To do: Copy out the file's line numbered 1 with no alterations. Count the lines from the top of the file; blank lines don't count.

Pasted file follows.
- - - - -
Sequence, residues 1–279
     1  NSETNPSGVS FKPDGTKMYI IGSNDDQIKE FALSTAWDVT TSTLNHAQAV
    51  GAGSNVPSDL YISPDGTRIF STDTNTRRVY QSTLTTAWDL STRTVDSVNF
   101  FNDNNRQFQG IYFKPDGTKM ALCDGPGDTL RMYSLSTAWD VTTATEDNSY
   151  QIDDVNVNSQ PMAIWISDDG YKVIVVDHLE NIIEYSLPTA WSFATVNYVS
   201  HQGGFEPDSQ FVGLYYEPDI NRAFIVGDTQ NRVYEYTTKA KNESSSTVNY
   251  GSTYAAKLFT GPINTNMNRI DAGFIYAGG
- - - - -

Sequence, residues 1–279